Olympics 2016 (Getty Images)
Tokyo - The people of Tokyo have spent the past two weeks watching the Olympics with increasing confidence that the myriad problems that have dogged the Games will make Rio an easy act to follow.
Though Japan's road to hosting the next Summer Games in 2020 has been marred by its own share of embarrassments, the feeling is that Tokyo's woes pale in comparison to those of the South American metropolis.
There, tourists, officials and athletes have had to dodge the scenic city's notorious street crime and violence, while structural problems inside the Olympic Village have also been a challenge.
Tokyo citizens, while too polite to criticise the current hosts directly, are upbeat about their city performing better.
"I will be delighted if we host an Olympics where everyone stays safe and goes home thinking, 'Oh, I am glad I came to Japan'," said Akiko Sasanuma, 79, watching the Rio Games on a giant screen at a special outdoor pavilion in a leafy Tokyo park.
There is a high chance of that happening.
The 2020 Games were awarded on expectations that Tokyo would be a model of efficiency, with the city touting itself as "peaceful, reliable, safe, and stable".
"Tokyo has everything and it's a very safe town," said Toshiyasu Furuya, 45, who works in the heart of the city and commutes from suburban Kanagawa.
To be fair, Tokyo boasts advantages that Rio, located in an emerging country suffering from uneven levels of development, just doesn't have.
It is the capital of the world's third-largest economy, a centre of advanced high-tech efficiency and hosted the Olympics back in 1964 and jointly hosted football's World Cup with South Korea in 2002.
And though its metropolitan conurbation is the world's largest with more than 35 million people, streets are safe, trains run on time and the air is clean.
That doesn't mean Tokyo is trouble free.
There is crime and the city has seen some sensational cases including grisly murders and a sarin gas attack on its subway in 1995.
But with strict gun control and a public honesty visitors find disarming, few people ever experience serious crime.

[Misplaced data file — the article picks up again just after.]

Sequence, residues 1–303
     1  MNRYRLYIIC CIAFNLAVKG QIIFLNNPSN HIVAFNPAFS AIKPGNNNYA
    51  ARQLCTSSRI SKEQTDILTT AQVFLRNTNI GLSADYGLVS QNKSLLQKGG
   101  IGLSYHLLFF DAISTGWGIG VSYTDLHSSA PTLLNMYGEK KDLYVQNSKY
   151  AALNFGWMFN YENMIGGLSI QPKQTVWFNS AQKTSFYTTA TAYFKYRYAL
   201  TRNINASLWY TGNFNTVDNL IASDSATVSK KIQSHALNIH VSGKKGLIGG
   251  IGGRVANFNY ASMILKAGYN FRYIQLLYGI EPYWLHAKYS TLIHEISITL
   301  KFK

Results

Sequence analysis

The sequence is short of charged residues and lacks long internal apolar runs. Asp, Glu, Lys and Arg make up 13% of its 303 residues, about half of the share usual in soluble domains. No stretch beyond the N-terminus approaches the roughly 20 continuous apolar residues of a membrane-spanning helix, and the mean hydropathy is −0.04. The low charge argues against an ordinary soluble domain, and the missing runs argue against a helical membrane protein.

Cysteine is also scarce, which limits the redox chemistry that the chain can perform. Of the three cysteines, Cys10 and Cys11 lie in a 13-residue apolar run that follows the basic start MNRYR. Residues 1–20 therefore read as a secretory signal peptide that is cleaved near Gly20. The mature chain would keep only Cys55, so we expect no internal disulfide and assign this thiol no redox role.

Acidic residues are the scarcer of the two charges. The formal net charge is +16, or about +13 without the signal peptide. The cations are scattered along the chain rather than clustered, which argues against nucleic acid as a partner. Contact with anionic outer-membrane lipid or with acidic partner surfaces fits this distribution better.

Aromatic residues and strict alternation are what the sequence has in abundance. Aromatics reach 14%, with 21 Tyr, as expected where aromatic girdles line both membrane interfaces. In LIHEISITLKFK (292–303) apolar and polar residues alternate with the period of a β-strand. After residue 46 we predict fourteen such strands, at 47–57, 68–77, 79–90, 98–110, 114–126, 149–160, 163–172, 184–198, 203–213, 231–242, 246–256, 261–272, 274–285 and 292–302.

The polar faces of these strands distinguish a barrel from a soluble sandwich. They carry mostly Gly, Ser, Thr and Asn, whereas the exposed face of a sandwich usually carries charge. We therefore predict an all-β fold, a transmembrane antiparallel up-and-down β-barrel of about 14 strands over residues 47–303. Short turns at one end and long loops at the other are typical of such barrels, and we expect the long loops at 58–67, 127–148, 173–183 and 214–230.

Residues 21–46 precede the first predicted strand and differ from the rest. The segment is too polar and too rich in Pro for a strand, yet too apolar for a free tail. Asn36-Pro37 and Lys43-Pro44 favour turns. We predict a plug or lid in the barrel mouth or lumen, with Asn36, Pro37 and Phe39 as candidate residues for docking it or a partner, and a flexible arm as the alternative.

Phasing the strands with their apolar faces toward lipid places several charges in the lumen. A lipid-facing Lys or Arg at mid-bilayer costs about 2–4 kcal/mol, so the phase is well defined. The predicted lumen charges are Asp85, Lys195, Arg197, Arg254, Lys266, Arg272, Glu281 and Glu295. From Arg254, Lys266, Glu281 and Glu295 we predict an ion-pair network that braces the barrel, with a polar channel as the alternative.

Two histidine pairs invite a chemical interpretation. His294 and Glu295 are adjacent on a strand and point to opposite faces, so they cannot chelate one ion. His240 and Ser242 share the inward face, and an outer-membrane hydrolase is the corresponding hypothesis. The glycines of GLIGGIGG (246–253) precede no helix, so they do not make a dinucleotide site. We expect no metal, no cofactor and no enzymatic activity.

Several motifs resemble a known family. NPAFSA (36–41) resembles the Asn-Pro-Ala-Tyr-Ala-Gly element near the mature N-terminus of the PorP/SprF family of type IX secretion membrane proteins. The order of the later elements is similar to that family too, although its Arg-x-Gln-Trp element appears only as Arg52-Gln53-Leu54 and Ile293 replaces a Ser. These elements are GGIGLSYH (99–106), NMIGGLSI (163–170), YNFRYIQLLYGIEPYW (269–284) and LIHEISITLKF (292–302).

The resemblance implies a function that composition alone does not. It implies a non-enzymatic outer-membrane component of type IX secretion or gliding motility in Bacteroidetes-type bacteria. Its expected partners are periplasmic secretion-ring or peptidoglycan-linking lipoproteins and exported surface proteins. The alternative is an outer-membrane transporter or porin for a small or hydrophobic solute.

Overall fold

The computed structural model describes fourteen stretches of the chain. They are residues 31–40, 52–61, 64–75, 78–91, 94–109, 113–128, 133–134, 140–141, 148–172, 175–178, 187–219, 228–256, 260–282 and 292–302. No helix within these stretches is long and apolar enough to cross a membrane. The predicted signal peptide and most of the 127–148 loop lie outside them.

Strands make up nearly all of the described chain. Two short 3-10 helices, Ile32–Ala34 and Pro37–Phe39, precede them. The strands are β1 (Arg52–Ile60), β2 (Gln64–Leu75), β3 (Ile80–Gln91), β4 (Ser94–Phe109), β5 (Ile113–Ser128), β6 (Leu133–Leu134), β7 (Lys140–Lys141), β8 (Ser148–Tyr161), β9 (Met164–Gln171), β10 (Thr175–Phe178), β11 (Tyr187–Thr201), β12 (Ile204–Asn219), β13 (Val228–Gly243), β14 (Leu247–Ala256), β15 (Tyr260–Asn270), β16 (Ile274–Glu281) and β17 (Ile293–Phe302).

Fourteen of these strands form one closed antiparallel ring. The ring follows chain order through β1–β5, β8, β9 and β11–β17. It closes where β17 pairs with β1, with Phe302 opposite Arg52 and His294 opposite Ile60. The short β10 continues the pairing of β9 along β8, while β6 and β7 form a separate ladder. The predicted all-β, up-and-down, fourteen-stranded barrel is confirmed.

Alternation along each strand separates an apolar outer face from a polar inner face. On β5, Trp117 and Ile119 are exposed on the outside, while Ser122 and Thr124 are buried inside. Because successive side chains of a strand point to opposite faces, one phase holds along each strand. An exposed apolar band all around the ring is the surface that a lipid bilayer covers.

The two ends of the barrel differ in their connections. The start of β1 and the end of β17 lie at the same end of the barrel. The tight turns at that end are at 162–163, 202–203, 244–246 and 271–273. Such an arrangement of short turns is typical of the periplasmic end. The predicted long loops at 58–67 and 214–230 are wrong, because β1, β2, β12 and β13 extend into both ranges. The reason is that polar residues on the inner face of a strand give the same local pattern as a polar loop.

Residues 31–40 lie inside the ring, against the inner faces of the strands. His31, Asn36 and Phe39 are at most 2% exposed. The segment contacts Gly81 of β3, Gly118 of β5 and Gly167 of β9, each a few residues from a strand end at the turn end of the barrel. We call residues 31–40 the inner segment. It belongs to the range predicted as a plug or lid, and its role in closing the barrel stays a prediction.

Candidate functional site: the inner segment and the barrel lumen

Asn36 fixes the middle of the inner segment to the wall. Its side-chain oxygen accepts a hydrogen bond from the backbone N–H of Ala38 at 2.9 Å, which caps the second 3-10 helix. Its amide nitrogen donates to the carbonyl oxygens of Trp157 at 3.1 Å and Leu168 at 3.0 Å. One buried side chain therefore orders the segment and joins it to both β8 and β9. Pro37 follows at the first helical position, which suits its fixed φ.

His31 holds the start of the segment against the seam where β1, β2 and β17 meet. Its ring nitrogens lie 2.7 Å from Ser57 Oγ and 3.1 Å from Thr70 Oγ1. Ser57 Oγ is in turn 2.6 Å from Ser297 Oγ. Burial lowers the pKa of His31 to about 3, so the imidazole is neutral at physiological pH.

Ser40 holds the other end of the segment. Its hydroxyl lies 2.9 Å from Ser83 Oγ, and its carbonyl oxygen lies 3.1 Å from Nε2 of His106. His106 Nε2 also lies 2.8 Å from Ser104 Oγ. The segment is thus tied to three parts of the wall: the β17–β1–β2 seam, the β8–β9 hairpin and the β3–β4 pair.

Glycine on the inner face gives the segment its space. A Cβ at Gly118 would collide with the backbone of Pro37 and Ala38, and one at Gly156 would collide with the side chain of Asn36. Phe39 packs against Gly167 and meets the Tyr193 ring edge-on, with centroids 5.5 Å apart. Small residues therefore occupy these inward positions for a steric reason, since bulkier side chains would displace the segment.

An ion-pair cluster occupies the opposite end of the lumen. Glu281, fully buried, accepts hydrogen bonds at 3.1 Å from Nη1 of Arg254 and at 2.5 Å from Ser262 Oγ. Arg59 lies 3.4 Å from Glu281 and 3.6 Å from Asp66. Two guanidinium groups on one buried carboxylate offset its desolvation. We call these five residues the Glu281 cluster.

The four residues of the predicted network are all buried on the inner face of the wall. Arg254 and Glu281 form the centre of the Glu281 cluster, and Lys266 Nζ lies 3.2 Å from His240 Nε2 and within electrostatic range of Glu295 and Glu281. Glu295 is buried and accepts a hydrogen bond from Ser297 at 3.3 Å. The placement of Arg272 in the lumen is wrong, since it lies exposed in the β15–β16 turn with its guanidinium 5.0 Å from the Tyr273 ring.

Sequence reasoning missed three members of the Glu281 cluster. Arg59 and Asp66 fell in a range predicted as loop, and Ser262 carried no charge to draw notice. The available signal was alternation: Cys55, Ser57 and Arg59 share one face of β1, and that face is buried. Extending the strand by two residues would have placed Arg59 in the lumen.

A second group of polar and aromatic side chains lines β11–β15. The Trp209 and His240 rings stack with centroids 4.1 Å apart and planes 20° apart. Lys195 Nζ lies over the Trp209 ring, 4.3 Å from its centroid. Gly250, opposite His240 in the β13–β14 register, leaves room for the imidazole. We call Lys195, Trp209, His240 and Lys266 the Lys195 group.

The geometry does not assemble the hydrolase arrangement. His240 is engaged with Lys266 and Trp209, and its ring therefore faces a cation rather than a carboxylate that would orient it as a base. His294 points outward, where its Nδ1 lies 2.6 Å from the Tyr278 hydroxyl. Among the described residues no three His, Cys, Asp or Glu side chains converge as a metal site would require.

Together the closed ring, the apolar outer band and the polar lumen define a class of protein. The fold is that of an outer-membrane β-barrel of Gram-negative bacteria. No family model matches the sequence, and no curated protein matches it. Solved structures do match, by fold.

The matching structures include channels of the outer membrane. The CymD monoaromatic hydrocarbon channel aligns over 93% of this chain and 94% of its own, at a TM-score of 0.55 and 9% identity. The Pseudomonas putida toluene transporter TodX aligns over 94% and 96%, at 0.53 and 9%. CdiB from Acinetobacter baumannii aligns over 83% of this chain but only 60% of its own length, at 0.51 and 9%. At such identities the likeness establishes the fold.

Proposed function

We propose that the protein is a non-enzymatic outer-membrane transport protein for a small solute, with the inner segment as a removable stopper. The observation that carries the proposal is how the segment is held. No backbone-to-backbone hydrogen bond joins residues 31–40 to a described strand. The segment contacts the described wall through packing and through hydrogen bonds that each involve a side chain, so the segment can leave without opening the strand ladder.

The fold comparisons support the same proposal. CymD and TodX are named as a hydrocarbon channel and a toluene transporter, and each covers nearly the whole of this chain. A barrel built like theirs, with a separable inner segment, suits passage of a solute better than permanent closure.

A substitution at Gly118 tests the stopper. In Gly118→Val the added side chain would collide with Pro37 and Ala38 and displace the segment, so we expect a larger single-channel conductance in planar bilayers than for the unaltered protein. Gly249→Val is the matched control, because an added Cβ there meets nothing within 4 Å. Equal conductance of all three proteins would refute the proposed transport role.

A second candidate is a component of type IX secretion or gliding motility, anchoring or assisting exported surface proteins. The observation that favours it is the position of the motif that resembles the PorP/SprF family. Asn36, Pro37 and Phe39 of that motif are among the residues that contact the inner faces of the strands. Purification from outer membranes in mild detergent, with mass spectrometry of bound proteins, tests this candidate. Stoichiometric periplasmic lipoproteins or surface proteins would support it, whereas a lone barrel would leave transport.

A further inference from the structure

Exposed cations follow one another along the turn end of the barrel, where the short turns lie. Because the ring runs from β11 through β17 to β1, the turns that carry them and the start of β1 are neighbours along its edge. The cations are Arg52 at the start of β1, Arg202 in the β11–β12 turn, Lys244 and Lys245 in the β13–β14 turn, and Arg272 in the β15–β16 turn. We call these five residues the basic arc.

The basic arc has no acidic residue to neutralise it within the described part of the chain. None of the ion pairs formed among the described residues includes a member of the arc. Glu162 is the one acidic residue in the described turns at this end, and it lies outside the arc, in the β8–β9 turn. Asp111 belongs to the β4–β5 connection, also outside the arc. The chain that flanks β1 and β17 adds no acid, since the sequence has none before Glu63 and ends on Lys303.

Tokyo folk regularly leave expensive smartphones on cafe tables when making a trip to the toilet or to order another latte, knowing they will still be there when they return.
Japanese media have noted Rio's propensity for crime.
"Robbery and theft targeting tourists shows no sign of decline," Jiji Press reported, noting that in the Olympics' first week Japanese nationals were the victims in at least nine cases.
Hinata Wada, 14, who lives just north of Tokyo, said that the Olympics are a chance for outsiders to experience the kindness of Japan's people and the sparkle of its capital city.
"It's vibrant," she said. "It's the centre of Japan. It's exciting."
Tokyo is a centre of youth culture, including anime cartoons, video games and eclectic street fashion.
It's also a haven for global foodies and boasts 13 Michelin three-starred restaurants which sit happily alongside traditional culture such as kabuki theatre and sumo wrestling.
One concern is Japan's propensity for deadly earthquakes.
But it is virtually impossible to predict exactly when they will occur and the city can arguably boast of being best prepared for a major natural disaster.
Tokyo's urban convenience should please foreign visitors, said Yoshihide Tominaga, 48, a former resident who now teaches urban environmental engineering at a college in northern Japan.
"These are things in which Japan overwhelmingly outshines others," he said, stressing its seamless public transport and polite service in stores.
"I think those are uniquely Japanese experiences that you won't see anywhere else," he said.
Since being awarded the 2020 Games three years ago, Tokyo's bid has faced a series of problems, including being forced to redesign its stadium, over costs, and the official logo amid allegations of plagiarism.
More seriously, French prosecutors have launched an investigation into alleged bribes linked to Tokyo's winning Olympic bid, which organisers have denied.
Yuriko Koike, who was elected in July as Tokyo's first female governor, has ordered officials to rein in ballooning costs.
"I want to make it an Olympics where athletes compete in a pleasant environment and it is celebrated by residents of Tokyo, Japan and the rest of the world," she said Thursday before leaving for Rio to attend the closing ceremony.